Georges Méliès

Georges Méliès, a French filmmaker, was born Dec. 8, 1861. Méliès started out as a magician and illusionist, but when he saw a Lumière Brothers cinematograph in 1895, he took an immediate detour into the greatest illusion of them all: film. Unable to buy a cinematograph from the Lumière firm, he built his own. He began making movies in 1896 and eventually made over 500 of them…

John Wolfe Barry

John Wolfe Barry, an English civil engineer, was born Dec. 7, 1836. He built many bridges in Victorian England, but he is best known for constructing Tower Bridge over the Thames in London. This has to be one of the most iconic bridges in the world…

Margaret Morse Nice

Margaret Morse Nice, an American ornithologist, was born Dec. 6, 1883. She studied biology at Holyoke College and zoology as a graduate student, and wanted to pursue a career as a naturalist, but her parents persuaded her to abandon professional aspirations and accept a life as wife and mother, which she did…

Arnold Sommerfeld

Arnold Sommerfeld, a German physicist, was born Dec. 5, 1868. Sommerfeld was appointed professor of theoretical physics at Munich in 1906 (where Röntgen, the discoverer of X-Rays, taught experimental physics). Around 1911, Sommerfeld began the practice of gathering with his students at a coffeehouse in Munich, in a park called the Hofgarten, to talk over the problems of the nuclear atom, x-ray diffraction, and quantum theory…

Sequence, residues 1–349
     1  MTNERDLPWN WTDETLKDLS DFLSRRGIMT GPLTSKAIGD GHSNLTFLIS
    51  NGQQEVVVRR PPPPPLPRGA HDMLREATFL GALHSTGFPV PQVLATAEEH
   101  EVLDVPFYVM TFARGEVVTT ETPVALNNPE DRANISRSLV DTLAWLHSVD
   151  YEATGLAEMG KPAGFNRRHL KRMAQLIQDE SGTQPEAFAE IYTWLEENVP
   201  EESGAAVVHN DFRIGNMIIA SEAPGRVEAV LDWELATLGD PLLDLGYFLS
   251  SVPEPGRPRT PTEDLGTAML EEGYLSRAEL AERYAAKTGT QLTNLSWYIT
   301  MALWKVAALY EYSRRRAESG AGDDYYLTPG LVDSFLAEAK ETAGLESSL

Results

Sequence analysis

Alfred Hershey

Alfred Day Hershey, an American bacteriologist, was born Dec. 4, 1908. Hershey won the Nobel Prize in Physiology/Medicine in 1969, along with Salvador Luria and Max Delbrück, for discovering in 1940 that when two different viruses infect the same bacterium, they sometimes exchange genetic information. But Hershey is even better known for an experiment he did with Martha Chase in 1952, an experiment commonly known as the Waring Blender experiment…